SB20 911 Good Samaritan/ Naloxone Access law, effective April 9, 2013, states that individuals who experience a drug overdose or persons who witness an overdose and seek help for the victim can no longer be prosecuted for possession of small amounts of drugs, paraphernalia, or underage drinking. The purpose of the law is to remove the fear of criminal repercussions for calling 911 to report an overdose and to instead focus efforts on getting help to the victim.
The Naloxone Access portion of SB20 removes civil liabilities from doctors who prescribe and bystanders who administer naloxone, or Narcan, an opiate antidote that reverses drug overdose from opiates, thereby saving the life of the victim. SB20 also allows community-based organizations to dispense Narcan under the guidance of a medical provider. As a result, officers may encounter people who use opiates and their loved ones carrying overdose reversal kits that may include Narcan vials, 3cc syringes, rescue breathing masks, and alcohol pads.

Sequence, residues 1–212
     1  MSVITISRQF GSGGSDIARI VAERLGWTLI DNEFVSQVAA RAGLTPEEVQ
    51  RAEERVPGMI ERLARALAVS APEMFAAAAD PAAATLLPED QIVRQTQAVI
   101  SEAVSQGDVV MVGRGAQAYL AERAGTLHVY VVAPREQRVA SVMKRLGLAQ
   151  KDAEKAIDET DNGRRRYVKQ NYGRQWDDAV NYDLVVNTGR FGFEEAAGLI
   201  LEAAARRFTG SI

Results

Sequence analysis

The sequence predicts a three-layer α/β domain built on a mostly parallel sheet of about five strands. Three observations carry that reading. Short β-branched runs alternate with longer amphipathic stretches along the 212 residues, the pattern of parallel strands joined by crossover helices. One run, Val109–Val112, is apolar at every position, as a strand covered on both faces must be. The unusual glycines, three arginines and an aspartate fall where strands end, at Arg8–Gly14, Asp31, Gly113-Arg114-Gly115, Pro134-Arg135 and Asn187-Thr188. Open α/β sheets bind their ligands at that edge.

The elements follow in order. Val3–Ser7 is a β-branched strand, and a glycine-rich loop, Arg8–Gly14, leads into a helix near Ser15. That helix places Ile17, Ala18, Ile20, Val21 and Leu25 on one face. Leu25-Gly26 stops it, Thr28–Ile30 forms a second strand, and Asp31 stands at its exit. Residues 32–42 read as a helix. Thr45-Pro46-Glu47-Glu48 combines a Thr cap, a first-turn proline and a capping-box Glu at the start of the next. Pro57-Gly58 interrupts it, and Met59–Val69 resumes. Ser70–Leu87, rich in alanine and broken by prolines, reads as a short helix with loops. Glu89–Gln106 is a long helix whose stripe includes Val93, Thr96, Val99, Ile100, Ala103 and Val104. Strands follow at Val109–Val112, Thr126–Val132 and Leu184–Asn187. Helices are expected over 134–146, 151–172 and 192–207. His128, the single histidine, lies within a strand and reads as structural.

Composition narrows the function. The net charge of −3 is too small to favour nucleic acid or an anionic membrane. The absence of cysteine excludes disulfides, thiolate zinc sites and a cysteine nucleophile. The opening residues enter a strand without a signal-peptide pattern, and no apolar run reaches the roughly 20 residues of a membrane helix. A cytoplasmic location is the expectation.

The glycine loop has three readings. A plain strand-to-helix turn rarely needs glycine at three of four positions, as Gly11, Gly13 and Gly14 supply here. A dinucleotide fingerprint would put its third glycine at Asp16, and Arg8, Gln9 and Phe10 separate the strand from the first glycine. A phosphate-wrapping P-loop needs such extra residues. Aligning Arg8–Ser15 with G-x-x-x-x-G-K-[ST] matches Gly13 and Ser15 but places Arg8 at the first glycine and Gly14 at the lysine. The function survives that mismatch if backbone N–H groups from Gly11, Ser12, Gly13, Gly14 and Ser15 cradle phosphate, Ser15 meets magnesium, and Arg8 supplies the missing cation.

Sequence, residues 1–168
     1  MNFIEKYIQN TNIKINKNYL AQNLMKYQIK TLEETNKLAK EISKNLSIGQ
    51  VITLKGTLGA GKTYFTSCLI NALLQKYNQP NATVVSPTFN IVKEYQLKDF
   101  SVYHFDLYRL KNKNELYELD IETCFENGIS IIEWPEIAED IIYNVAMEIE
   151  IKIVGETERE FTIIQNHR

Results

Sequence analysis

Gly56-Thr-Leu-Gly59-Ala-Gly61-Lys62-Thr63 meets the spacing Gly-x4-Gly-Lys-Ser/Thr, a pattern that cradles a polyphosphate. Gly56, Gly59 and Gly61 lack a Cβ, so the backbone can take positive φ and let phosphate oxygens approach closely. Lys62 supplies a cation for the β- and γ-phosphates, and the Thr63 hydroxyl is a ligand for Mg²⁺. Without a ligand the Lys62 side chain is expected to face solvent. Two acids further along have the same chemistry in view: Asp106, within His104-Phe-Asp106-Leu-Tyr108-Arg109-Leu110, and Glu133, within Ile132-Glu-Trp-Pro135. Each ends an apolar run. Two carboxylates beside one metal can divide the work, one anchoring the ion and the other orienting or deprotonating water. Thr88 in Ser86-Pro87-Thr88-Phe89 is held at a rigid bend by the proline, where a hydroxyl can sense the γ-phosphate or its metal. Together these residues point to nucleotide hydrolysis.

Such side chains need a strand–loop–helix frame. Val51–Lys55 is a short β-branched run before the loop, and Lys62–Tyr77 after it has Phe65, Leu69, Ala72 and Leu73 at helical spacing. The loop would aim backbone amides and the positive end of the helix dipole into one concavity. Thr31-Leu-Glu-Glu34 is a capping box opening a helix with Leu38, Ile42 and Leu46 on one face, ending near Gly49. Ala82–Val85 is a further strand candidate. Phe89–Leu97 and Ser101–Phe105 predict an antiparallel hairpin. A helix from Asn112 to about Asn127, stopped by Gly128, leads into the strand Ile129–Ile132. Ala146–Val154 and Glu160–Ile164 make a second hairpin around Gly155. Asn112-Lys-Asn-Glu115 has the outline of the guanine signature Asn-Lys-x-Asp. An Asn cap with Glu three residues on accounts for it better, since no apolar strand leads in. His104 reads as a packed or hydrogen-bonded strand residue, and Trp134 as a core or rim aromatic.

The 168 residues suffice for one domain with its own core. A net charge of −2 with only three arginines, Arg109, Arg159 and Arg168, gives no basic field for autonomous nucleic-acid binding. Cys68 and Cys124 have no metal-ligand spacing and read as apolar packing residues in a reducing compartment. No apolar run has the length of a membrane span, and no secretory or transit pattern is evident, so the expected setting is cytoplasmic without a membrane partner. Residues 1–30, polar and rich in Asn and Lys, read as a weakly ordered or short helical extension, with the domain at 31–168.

Full text of SB20 is available here:
As of August 1, 2015, a person who seeks medical assistance for someone experiencing a drug overdose cannot be considered in violation of a condition of parole, probation, or post-release, even if that person was arrested. The victim is also protected. Also, the caller must provide his/her name to 911 or law enforcement to qualify for immunity. Pharmacists are now immune from civil or criminal liability for dispensing naloxone to people at risk of an opioid overdose.
The bill enabling this law was called SB154, Clarifying the Good Samaritan Law. Full text is available at: